The science of sustainable seafood, explained

Some thoughts on WWF’s Living Planet Report

The conservation world was abuzz last week with the release of World Wildlife Fund’s (WFF) Living Planet Report, a documentation of how humans have impacted Earth’s other living creatures. The report covers all aspects of planetary change with a particular focus on biodiversity loss and habitat degradation. It provides a good, albeit sobering, summary of the state of Nature and wildlife and calls for a global push to strengthen the Convention on Biodiversity (a multilateral treaty between most of the world’s countries) to conserve as much as we can by 2050. We recommend reading the report, or at least the executive summary, here.

Overwhelmingly, this is an important document that we hope leads to more and better conservation measures that protect our planet; however, there are a few issues we had with the report we think are worth pointing out in order to strengthen the policy process and focus.

The press release and characterization of data

It is disappointing when organizations poorly explain the science behind the flashy numbers highlighted in the press release. WWF made a poor choice in their characterization of the decline of species. The big number in the Living Planet Report is that 60% of animal populations have declined since 1970. However, the way that the public understands a ‘population’ is different than scientists. Indeed, that is a staggering figure that needs to be addressed, but a population decline is different than saying, “Humanity has wiped out 60% of animals since 1970” as The Guardian did. Ed Yong at the Atlantic covered the explanation behind that number well:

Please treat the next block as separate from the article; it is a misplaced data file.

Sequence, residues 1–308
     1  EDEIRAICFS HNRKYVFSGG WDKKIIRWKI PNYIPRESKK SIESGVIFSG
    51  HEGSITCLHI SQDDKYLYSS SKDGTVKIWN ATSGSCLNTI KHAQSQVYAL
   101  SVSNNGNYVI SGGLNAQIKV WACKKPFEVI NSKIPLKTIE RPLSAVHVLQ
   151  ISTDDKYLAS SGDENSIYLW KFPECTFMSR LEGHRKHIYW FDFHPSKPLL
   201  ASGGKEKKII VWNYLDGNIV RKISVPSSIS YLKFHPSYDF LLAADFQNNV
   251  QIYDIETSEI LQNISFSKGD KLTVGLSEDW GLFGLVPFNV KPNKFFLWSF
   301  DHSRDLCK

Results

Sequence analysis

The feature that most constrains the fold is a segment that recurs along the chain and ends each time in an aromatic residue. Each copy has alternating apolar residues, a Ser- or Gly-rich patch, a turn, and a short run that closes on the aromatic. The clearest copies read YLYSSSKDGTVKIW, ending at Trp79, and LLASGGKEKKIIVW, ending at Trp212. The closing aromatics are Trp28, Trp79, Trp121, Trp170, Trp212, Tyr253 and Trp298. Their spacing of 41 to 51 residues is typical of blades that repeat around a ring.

Ultimately, they found that from 1970 to 2014, the size of vertebrate populations has declined by 60 percent on average. That is absolutely not the same as saying that humans have culled 60 percent of animals—a distinction that the report’s technical supplement explicitly states. “It is not a census of all wildlife but reports how wildlife populations have changed in size,” the authors write.

To understand the distinction, imagine you have three populations: 5,000 lions, 500 tigers, and 50 bears. Four decades later, you have just 4,500 lions, 100 tigers, and five bears (oh my). Those three populations have declined by 10 percent, 80 percent, and 90 percent, respectively—which means an average decline of 60 percent. But the total number of actual animals has gone down from 5,550 to 4,605, which is a decline of just 17 percent.